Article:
Real GDP surged at a 6.4% pace in the first quarter, more than one percent faster than in the fourth quarter. Easy monetary policy, federal government spending to ramp up vaccinations and a surge in incomes enabled by emergency aid and two rounds of stimulus checks pushed consumer spending up at a double-digit pace. Spending on big-ticket items from appliances to vehicles jumped at a 23.6% pace during the quarter. Residential investment posted a third consecutive quarter of double-digit gains on the heels of rock-bottom mortgage rates and the desire to ease the stress of working from home.
Business investment continued to post solid gains but at a slower pace as firms scrambled to adopt existing technologies and upgrade their equipment. Gains in spending on information processing equipment remained particularly strong. This is an area that services as well as goods producers have embraced to boost productivity growth during the pandemic. It is this type of investment in technologies that could displace a portion of the jobs lost to the crisis. Think of the much more rapid adoption of self-checkout lanes we saw as consumers and big-box discounters rushed to create distance to reduce contagion during the height of infections.
Investment in new structures, which included commercial real estate, contracted for the sixth quarter in a row. It was one of the few sectors of the economy that was weak prior to the onset of the crisis in early 2020.
The largest, single drag on growth was inventories, which plummeted in response to the surge in consumer spending. That alone shaved 2.7% from overall GDP growth. Replenishment of those inventories will provide a tailwind for growth in the second and third quarters, which will easily eclipse growth in the first quarter. We will cross the precrisis peak in growth hit during the fourth quarter of 2019 in the second quarter of 2021. It will take longer for employment to reach its precrisis peak.
The trade deficit widened as exports dropped in response to lockdowns abroad. A slow ramping up of vaccinations and smaller fiscal stimulus pushed many of our European trading partners into double-dip recessions.
A surge in federal government spending overshadowed a modest rebound in spending at the state and local levels. Transfers to the states tied to the most recent round of fiscal stimulus started to show up in March and April. All of the boost provided by supplements to unemployment insurance and stimulus checks showed up in personal disposable incomes.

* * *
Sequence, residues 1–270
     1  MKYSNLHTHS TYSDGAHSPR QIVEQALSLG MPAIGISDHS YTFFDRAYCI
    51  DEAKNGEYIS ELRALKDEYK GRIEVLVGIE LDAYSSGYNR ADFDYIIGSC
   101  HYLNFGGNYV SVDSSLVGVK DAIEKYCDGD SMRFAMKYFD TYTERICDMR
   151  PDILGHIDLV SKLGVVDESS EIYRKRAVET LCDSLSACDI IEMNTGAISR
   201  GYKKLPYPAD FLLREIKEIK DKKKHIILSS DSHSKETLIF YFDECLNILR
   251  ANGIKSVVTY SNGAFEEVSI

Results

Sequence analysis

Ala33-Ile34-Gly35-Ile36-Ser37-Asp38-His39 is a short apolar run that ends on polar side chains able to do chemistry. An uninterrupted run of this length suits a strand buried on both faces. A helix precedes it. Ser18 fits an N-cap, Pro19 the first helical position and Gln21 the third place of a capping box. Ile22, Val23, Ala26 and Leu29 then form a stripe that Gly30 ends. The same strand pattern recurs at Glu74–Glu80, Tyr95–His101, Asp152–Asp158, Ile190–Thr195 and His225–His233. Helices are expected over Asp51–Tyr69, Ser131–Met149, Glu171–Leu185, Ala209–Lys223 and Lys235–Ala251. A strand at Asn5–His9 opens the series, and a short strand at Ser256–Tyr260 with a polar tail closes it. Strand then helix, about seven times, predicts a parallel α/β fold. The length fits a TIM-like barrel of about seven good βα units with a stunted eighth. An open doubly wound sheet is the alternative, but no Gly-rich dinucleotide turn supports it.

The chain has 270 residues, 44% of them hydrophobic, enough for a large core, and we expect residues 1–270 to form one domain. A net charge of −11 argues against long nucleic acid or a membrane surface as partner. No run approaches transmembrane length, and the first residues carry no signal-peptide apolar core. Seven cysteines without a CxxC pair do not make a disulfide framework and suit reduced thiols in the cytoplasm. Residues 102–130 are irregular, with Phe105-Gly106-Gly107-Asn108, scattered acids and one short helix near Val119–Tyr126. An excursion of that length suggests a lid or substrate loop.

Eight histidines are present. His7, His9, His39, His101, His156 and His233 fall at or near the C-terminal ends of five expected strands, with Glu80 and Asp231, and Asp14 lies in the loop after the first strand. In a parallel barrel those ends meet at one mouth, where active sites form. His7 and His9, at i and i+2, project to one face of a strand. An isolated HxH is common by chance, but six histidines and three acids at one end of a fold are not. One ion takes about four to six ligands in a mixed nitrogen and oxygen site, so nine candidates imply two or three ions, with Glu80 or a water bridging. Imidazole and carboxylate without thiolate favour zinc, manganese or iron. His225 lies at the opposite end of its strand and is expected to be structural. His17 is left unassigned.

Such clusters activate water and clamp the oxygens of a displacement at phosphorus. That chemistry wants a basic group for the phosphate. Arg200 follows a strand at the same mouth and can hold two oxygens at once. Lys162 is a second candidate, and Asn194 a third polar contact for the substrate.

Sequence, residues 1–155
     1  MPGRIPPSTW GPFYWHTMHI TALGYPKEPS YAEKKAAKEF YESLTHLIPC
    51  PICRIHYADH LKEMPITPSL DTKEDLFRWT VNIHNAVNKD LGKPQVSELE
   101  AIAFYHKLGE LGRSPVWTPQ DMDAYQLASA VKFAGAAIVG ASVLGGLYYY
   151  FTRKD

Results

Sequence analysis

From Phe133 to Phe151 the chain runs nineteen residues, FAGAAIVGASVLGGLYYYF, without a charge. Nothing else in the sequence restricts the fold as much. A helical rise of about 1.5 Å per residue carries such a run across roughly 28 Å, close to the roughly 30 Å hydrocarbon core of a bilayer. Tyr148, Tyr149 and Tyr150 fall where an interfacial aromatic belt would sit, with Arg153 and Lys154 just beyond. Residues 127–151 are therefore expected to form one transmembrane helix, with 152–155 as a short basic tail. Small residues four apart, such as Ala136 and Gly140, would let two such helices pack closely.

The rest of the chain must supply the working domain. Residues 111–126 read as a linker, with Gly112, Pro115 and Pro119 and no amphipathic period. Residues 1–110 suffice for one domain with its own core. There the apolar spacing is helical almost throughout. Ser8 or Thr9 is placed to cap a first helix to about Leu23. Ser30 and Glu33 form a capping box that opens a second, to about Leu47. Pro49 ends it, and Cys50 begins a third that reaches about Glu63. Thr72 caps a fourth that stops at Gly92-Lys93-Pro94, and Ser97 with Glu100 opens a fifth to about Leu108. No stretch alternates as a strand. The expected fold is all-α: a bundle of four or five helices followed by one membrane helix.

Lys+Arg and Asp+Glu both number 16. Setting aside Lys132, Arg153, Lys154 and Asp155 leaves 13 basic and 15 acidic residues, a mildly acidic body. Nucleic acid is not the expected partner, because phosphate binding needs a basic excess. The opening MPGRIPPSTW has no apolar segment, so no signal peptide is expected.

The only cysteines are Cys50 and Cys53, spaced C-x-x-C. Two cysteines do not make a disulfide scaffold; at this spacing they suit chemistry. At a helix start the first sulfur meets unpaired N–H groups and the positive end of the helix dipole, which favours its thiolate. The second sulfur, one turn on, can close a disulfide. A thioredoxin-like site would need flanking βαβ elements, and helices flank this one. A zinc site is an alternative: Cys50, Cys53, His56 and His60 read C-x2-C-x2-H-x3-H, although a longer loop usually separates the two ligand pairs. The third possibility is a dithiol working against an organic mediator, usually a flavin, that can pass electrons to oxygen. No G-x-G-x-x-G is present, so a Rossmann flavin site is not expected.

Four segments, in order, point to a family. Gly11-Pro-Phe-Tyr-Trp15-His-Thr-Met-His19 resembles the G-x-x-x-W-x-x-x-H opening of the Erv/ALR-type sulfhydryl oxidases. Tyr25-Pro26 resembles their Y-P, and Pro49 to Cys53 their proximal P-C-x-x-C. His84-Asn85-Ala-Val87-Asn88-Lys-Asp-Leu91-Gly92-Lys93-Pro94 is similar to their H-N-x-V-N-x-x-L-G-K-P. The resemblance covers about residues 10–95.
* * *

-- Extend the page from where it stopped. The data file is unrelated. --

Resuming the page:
Unusually harsh winter weather and the power outages that accompanied it in the oil patch were also problems in February. The delays triggered by the Ever Given, the ship that got stuck in the Suez Canal, will take longer to recoup. Bottlenecks in the global supply chain are expected to ease as we pivot from spending on goods to services later this summer and fall. Those who can will be booking vacations instead of buying boats and the SUVs to tow them.
The biggest hurdles during the first quarter were regional outbreaks and the lingering surge in infections that accompanies them. The ability of the economy to fully heal is still contingent upon our ability to contain the spread of the virus now with vaccinations. Most are optimistic that warmer temperatures and the shift to outdoor venues will further suppress infections as we get further into spring and summer.
Many universities are requiring students to be vaccinated before returning to classes in the fall. Clinical trials are also progressing rapidly on vaccines for younger kids. That would help us get to the herd immunity needed to more effectively suppress the virus as we enter the fourth quarter. The concern is that vaccine hesitancy among many adults could prevent the kind of herd immunity needed to remain as open as we would all like to be for holiday parties in the winter.
The economy is coming back. The first quarter will be the first of many robust quarters of growth. Federal Reserve Chairman Jay Powell made it clear that the Fed will not get in the way of those gains. Growth will easily be the strongest since 1984 this year. We will need it if we hope to heal from the worst crisis in several generations.
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